New Civic Lifeforms : Today, as knowledge becomes an ever more significant factor in determining both personal and societal well being, and as rapidly emerging information technology provides the capacity to build new types of communities, we might well see the appearance of new social structures.  A century ago, stimulated by the philanthropy of Andrew Carnegie, the public library became the focal point for community learning. Today, however, technology allows us to link together public and private resources such as schools, libraries, museums, hospitals, parks, media, and cultural resources. Further, communities can easily be linked with the knowledge resources of the world through the Internet. Perhaps a new “civic life form” will evolve to provide community education and knowledge networks that are open and available to all. These might evolve from existing institutions such as libraries or schools or universities. They might be a physically located hub or virtual in character. However, they also might appear as entirely new constructs, quite different than anything we have experienced to date. Perhaps it is time to consider a blank sheet approach to learning, by setting aside existing educational systems, policies, and practices, and instead first focusing on what knowledge, skills, and abilities a person will need to lead a productive and satisfying life in the century ahead. Then, by considering the diversity of ways in which people learn, and the rich array of knowledge resources emerging in our society, designing a new ecology of learning for the 21 st Century.
The University a la Neuromancer : Ray Kurzweil's The Age of the Spiritual Machine provides a provocative vision of possible futures for our society by projecting Moore's Law – the exponential evolution of digital technology – over the next several decades. He suggests that over the next decade intelligent courseware will emerge as a common means of learning, with schools and colleges relying increasingly on software approaches, leaving human teachers to attend primarily to issues of motivation, psychological well-being, and socialization.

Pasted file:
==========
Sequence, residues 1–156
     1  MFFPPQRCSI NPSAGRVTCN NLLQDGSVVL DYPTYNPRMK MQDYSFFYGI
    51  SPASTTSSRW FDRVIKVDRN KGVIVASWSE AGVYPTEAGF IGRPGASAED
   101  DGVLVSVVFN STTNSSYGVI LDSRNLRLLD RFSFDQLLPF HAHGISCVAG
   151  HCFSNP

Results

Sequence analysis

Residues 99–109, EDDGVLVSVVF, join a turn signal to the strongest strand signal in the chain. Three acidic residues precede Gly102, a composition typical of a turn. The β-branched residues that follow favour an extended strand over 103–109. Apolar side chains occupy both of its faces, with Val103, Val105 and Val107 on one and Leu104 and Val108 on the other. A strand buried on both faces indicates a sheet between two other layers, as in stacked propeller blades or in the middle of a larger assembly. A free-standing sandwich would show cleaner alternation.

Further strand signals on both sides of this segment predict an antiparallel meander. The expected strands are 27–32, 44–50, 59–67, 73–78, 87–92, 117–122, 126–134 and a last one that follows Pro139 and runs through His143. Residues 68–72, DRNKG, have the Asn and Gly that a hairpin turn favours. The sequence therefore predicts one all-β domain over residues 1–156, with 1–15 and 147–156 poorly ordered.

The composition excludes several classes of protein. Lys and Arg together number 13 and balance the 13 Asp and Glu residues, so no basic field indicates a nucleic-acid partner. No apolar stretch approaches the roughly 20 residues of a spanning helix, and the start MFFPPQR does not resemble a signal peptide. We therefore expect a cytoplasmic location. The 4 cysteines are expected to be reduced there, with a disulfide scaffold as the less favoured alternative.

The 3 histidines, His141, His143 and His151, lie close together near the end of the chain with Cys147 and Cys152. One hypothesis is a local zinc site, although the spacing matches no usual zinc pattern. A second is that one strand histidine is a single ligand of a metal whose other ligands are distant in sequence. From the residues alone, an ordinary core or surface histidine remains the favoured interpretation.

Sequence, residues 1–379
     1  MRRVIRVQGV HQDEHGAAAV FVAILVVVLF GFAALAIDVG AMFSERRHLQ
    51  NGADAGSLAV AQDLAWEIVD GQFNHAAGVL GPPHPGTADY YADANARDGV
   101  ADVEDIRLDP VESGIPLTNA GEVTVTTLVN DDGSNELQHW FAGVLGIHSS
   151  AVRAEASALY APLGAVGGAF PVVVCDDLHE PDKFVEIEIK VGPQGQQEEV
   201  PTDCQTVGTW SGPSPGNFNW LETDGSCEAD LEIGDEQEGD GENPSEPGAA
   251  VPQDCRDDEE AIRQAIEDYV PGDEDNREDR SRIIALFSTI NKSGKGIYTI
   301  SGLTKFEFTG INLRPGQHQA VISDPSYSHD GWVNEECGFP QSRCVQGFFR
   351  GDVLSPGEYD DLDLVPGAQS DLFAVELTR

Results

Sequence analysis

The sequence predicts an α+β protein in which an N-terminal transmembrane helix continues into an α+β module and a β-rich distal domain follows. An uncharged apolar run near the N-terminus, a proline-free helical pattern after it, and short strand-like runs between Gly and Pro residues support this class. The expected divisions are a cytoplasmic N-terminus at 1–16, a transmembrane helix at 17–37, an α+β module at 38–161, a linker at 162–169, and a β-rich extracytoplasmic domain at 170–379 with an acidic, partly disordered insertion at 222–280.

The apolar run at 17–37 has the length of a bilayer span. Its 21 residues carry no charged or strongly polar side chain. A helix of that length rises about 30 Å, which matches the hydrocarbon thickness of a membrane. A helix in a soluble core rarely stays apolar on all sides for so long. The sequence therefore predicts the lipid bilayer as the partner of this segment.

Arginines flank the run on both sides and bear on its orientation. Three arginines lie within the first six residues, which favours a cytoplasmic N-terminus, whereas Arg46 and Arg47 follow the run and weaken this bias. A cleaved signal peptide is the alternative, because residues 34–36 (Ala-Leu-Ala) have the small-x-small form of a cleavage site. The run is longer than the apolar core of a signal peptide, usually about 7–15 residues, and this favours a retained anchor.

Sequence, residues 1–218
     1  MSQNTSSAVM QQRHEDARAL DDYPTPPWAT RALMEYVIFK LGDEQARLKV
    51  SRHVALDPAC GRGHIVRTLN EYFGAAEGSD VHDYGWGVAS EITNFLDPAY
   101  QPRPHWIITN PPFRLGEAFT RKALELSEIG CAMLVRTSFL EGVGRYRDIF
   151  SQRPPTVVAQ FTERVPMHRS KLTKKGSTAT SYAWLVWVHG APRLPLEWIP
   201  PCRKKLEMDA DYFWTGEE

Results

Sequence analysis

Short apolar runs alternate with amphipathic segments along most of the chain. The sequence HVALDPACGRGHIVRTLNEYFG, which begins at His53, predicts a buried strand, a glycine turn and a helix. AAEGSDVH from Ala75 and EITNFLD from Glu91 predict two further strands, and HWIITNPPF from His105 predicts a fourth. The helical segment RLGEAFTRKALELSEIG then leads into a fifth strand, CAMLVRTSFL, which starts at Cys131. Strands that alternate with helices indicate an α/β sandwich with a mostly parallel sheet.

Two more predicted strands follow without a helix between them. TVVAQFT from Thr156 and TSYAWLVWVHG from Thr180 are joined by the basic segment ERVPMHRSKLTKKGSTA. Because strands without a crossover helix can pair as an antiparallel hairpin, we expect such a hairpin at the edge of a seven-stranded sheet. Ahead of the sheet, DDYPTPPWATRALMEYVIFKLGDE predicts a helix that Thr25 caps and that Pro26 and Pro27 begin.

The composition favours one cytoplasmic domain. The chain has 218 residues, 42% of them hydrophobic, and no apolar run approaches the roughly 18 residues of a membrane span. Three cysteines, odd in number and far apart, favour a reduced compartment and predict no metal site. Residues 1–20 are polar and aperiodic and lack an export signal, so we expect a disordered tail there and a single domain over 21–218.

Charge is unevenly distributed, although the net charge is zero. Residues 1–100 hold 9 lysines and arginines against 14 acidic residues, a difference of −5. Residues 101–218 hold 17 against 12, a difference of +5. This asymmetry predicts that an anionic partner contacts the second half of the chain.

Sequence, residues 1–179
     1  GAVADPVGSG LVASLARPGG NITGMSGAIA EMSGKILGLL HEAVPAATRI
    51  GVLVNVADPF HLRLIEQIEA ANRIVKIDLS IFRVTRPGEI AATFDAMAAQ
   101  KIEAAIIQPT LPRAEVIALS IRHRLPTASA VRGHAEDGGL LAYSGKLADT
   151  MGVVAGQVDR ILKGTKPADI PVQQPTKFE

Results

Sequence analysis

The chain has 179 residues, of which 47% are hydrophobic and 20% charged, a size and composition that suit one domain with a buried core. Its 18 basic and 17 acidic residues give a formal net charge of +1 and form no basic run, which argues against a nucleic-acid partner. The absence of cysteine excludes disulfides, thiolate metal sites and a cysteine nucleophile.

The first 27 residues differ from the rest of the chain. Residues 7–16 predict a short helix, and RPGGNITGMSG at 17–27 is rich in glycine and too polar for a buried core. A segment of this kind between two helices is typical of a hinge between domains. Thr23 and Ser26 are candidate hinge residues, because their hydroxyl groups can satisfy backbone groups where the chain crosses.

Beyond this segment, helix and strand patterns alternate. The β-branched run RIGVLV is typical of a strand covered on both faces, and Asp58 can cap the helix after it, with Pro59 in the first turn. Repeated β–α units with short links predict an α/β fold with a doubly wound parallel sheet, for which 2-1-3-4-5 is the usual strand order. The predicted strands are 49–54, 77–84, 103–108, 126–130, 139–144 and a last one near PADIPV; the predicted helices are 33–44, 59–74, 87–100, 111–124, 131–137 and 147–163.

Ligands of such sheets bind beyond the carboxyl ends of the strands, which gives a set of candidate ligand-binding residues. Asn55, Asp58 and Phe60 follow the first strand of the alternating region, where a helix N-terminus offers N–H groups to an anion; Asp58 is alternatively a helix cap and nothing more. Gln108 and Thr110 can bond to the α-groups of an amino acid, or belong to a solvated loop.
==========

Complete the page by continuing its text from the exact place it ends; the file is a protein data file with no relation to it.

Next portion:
More specifically, Kurzweil speculates that by the end of this decade, although schools are still not on the cutting edge, the profound importance of the computer as a knowledge tool will be widely recognized. Many children will learn to read on their own using their personal computers before entering grade school. Within two decades, most learning will be accomplished using intelligent software-based simulated teachers. To the extent that teaching is done by human teachers, the human teachers are often not in the local vicinity of the student and will be viewed more as mentors and counselors than as sources of learning and knowledge.
Within three decades (2030), Kurzweil suggests that human learning will be primarily accomplished using virtual teachers and enhanced by the widely available neural implants that improve memory and perception (although not yet able to download knowledge directly, thereby bypassing formal education entirely). Although enhanced through virtual experiences, intelligent interactive instruction, and neural implants, learning still requires time-consuming human experience and study. This activity comprises the primary focus of the human species, and education becomes the largest profession, as human and nonhuman intelligences are primarily focused on the creation of knowledge in its myriad forms. There is almost no human employment in traditional endeavors such as manufacturing, agriculture, and transportation.
Finally, a century hence, Kurweil speculates that learning will no longer the struggle it once was. Rather the struggle will be discovering new knowledge to learn.
While many would argue (indeed, many have argued) with Kurzweil's view of the future, it does illustrated just how profoundly different the future may be both for our society and our universities.
Some Lessons Learned
So, what are university planners to do, as their institutions are buffeted by such powerful forces of change, and in the face of unpredictable futures. Here, if I may, I would like to draw several lessons learned from the hard knocks of personal experience.
It is important that any strategic effort always begin with the basics, by launching a careful reconsideration of the key roles and values that should be protected and preserved during a period of transformation. For example, how would an institution prioritize among roles such as educating the young (e.g., undergraduate education), preserving and transmitting our culture (e.g., libraries, visual and performing arts), basic research and scholarship, and serving as a responsible critic of society? Similarly, what are the most important values to protect? Clearly academic freedom, an openness to new ideas, a commitment to rigorous study, and an aspiration to the achievement of excellence would be on the list for most institutions. But what about values and practices such as shared governance and tenure? Should these be preserved? At what expense?